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1An expression designed to call something to mind without mentioning it explicitly; an indirect or passing reference.‘an allusion to Shakespeare’‘a classical allusion’
reference to, mention of, comment on, remark about, citation of, quotation of, hint at, intimation of, suggestion ofimplication, insinuationView synonyms
- ‘The allusions to a few recent works of sympathetic labor history in this piece are a genuine consolation.’
- ‘While I can often see these allusions in classical music now, at the time I must confess to being completely nonplussed.’
- ‘He makes allusions to poetry, classical music and protest culture.’
- ‘The classical allusions everywhere at work in Versailles would require an educated audience to appreciate them.’
- ‘In places, the allusions to the entire pantheon of comic-book superheroes is overwhelming.’
- ‘The recording was full of contemporary and historical allusions, as is the training manual.’
- ‘This paper focuses on references and allusions to the Prophet in this treatise.’
- ‘It is the allusions and references that lend charm to this art form.’
- ‘Now these antique allusions add a rarified, elegant seasoning to the work.’
- ‘It's interesting to see how many references or allusions to these festivals remain in contemporary Britain.’
- ‘The infancy stories in Matthew contain quotations and more indirect allusions to the Moses birth story.’
- ‘Those who were too young to follow the mythical allusions simply enjoyed the whimsical visuals and infectious music.’
- ‘His portraits already included classical allusions which gained him many patrons among the grand tourist gentry.’
- ‘None of Arrino's vague references or allusions had prepared me for what she was saying.’
- ‘JK Rowling is herself a one-time classics student, and her books are littered with classical allusions.’
- ‘This is a new collection which gives background information for over 20,000 phrases and allusions in English.’
- ‘It was difficult to avoid getting caught up explicating all the biblical allusions in the alphabet.’
- ‘Stuffed with obscure allusions and historical minutia, his novels are not the type you take to the beach.’
- ‘We are a people of messages and signals, of allusions and indirect expression.’
- ‘Neither the handiwork nor the Classical allusions are readily apparent in her new paintings.’
- 1.1The practice of making allusions, especially as an artistic device.
- ‘A cultural world in which allusion is defined as theft seems an awfully impoverished one.’
- ‘Such Biblical allusion was in stark contrast to the welter of less printable comments being bellowed by the faithful.’
- ‘Citation and allusion have a long and continuing history as literary practices, yet they are difficult to distinguish from theft.’
- ‘The sentimental in these poems is continually voiced by others, written through allusion, or deflated by a turn towards light verse.’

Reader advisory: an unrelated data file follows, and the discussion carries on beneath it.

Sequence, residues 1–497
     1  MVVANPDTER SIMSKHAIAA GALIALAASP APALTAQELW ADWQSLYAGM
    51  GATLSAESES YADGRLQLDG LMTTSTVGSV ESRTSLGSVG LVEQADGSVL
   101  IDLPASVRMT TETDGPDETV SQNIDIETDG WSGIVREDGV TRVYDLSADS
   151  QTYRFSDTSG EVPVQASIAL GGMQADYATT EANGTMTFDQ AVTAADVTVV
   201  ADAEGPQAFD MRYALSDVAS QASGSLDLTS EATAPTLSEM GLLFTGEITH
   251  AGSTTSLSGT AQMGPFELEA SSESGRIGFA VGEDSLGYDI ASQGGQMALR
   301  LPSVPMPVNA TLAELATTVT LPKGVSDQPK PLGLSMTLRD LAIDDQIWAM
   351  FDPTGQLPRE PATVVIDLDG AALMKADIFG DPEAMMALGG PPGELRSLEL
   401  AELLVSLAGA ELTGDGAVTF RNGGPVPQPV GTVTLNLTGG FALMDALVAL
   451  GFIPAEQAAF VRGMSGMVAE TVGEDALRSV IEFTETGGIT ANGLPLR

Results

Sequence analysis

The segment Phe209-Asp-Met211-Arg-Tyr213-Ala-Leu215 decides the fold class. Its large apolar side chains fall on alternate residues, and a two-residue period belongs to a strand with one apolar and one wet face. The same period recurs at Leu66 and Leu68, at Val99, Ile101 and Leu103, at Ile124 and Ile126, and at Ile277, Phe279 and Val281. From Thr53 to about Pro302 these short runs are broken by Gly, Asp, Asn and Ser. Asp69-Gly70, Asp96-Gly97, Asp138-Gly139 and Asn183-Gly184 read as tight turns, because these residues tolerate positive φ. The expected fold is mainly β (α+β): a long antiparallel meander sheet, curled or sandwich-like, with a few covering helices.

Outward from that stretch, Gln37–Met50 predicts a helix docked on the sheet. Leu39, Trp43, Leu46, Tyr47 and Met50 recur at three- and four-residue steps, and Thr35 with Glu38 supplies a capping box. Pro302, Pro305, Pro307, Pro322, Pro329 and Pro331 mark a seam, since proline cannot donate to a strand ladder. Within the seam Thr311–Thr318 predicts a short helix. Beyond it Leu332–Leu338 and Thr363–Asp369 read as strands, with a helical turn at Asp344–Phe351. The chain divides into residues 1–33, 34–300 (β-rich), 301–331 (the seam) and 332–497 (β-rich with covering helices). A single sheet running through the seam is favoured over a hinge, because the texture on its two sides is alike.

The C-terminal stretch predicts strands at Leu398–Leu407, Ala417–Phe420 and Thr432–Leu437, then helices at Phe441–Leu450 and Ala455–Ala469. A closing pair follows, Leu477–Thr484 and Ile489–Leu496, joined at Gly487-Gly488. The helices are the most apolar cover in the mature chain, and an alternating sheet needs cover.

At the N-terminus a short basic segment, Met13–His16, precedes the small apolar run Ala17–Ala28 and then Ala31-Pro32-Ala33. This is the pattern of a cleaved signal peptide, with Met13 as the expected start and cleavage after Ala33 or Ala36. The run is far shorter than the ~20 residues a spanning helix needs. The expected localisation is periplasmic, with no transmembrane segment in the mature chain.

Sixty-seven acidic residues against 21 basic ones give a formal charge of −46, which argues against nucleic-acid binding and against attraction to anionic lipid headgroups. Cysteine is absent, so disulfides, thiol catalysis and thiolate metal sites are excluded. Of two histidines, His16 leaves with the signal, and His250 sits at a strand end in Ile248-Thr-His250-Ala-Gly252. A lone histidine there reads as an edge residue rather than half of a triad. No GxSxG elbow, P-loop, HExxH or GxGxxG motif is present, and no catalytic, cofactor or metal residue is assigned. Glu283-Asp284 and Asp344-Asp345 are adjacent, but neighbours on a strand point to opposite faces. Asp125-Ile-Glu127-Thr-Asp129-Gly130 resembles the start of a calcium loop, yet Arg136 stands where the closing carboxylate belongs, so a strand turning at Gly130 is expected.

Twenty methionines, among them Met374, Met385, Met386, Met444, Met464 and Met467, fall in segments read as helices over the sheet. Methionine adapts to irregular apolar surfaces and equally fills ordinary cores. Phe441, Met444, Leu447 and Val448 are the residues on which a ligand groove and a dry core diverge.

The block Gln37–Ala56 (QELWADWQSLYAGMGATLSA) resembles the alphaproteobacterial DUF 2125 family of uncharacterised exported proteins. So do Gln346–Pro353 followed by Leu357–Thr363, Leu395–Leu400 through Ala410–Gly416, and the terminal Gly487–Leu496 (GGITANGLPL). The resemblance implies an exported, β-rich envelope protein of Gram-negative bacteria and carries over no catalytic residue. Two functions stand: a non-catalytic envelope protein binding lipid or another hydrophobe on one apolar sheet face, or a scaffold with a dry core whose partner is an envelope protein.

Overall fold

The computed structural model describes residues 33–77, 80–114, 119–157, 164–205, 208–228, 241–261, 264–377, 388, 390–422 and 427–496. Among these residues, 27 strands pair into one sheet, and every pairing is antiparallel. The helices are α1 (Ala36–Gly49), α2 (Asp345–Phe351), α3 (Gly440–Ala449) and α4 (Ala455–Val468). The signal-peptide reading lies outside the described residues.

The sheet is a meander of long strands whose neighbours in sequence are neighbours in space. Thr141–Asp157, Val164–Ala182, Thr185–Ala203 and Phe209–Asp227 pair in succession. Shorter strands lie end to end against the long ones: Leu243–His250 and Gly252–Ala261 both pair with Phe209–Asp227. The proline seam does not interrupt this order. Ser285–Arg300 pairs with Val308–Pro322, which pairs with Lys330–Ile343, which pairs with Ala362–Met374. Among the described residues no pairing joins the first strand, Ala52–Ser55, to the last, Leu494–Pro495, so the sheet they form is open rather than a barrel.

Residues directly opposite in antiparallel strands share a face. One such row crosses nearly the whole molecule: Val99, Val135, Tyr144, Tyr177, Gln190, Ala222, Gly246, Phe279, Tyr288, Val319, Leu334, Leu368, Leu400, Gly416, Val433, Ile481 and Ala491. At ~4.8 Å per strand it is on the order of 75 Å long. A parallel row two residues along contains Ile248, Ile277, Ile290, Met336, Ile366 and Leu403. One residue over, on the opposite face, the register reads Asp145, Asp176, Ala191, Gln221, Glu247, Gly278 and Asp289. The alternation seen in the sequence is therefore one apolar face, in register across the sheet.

- ‘Even if, like me, you tend to put the most personal details of your thoughts through a fine mesh of allusion and obfuscation, you're still putting your life online.’
- ‘Well, do you think an invasion of a country should be based on allusion and assertion?’
- ‘There are many excellent moments of historical allusion, acting and scriptwriting.’
- ‘This is a rare instance of direct personal allusion by Sep, wherein he discusses the role of poetry as devotion.’
- ‘There's nothing wrong with allusion, or indeed, literary theft.’
- ‘It is to these factors, as much as to studies and use by scholars and writers, that the widespread survival of biblical usage and allusion can be attributed.’
- ‘For the trained symbologist, watching an early Disney movie was like being barraged by an avalanche of allusion and metaphor.’
- ‘With its emphasis on personification and topical allusion, allegory has a long association with political discourse.’
- ‘To be damned by a professional wordsmith, sneered at by a master of metaphor and allusion, well, it was beyond endurance.’
- ‘Ben-Porat provides an analysis of allusion as a literary technique.’
- ‘But any meaning could be expressed, so that the language brought into play whole new principles of allusion and definition.’
- ‘I'm making the really clear case that I know the difference between evidence and what is allusion and assertion and the rest.’
- ‘It's an impressive, haunting work full of menace and obvious political allusion.’
- ‘We need the connections formed by allusion; we understand the new in light of the old, and so our language links us to older traditions.’
- ‘The stanza is written like the formulaic examples of wit and allusion in old-fashioned riddle books.’
- ‘It seems to me that your observations about the need to use imagery, metaphor and allusion correctly are well taken.’
Mid 16th century (denoting a pun, metaphor, or parable): from French, or from late Latin allusio(n-), from the verb alludere (see allude).
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